Time and Place: Friday 13:45-11:15, T 406, SS 2020. Start: 6.3.2020
In kinematics, a linkage is composed of rigid bodies (bars, rods) that are connected by joints (e.g., hinges or spherical joints); examples occur in mechanical engineering and robotics, but also in biology -- the human skeleton may be considered as a quite complex linkage -- and in chemistry, at a miscroscopic scale.
If every link is a bar, and every joint connects two or more bars by a spherical joint (or simply a revolute joint in the plane), then we obtain a bar-joint framework. Each configuration is determined by the position of the centers of the spheres. A mathemtical tool to study the configurations is distance geometry.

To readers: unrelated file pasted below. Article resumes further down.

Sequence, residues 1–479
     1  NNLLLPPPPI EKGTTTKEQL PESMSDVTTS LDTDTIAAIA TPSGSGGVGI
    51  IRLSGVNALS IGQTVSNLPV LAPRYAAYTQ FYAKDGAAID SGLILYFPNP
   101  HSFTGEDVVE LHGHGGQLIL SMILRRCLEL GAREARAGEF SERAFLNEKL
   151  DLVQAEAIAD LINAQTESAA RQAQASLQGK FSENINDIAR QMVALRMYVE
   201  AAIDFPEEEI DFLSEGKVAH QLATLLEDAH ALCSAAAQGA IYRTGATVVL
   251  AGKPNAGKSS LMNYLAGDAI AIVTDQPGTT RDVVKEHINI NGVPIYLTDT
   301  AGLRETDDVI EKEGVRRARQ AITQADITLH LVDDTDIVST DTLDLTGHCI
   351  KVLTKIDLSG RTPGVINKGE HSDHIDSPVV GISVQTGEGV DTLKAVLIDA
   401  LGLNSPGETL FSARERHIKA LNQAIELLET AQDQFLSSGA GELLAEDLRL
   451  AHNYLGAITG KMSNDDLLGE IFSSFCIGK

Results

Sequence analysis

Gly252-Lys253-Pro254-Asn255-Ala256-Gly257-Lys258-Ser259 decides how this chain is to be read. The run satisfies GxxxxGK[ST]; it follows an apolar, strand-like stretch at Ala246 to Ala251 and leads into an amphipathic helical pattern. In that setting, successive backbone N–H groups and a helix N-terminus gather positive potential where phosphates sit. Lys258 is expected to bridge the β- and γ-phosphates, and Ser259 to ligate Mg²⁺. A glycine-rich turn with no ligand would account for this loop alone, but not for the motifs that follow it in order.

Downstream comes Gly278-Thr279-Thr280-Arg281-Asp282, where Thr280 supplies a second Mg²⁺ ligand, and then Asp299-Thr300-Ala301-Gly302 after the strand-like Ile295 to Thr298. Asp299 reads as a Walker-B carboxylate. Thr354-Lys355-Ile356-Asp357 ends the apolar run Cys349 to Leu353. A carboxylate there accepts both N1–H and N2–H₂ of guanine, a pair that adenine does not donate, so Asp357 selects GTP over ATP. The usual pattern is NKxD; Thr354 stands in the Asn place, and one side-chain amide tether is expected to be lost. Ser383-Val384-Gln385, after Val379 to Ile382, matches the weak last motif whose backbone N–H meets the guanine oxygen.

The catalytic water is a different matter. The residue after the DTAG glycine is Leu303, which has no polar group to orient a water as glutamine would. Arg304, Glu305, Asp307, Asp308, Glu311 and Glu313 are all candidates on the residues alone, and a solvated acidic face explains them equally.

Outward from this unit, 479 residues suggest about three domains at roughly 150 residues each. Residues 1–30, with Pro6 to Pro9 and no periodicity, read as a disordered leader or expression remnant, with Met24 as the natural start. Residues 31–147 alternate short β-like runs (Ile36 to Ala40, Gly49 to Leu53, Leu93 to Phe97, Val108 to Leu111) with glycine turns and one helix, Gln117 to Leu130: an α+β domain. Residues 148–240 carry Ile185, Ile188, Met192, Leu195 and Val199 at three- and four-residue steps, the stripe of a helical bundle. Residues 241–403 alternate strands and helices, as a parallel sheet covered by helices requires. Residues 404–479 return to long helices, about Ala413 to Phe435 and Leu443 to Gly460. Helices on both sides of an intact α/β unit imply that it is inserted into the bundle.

Other types of joints are revolute, prismatic, cylindrical, or helical joints. Chains of links connected by revolute or prismatic joints are used in robotics. Mathematically, chains and loops of links can be described by systems of equations over motion groups.
Symmetry -- a finite group acting on the configuration set preserving the geometric parameters -- can often explain paradoxical phenomena such as unexpected mobility.
Stewart platforms also known as multipods consist of two main links, the base and the platform, and bars with one spherical joint on the base and another on the platform. The group of motions of the platform relative to the base can be embedded in a projective space. The geometric parameters defining the bars (length and positions of end points) is contained in another projective space. The two projective spaces are naturally dual to each other, and this leads to an interplay between kinematics and projective geometry.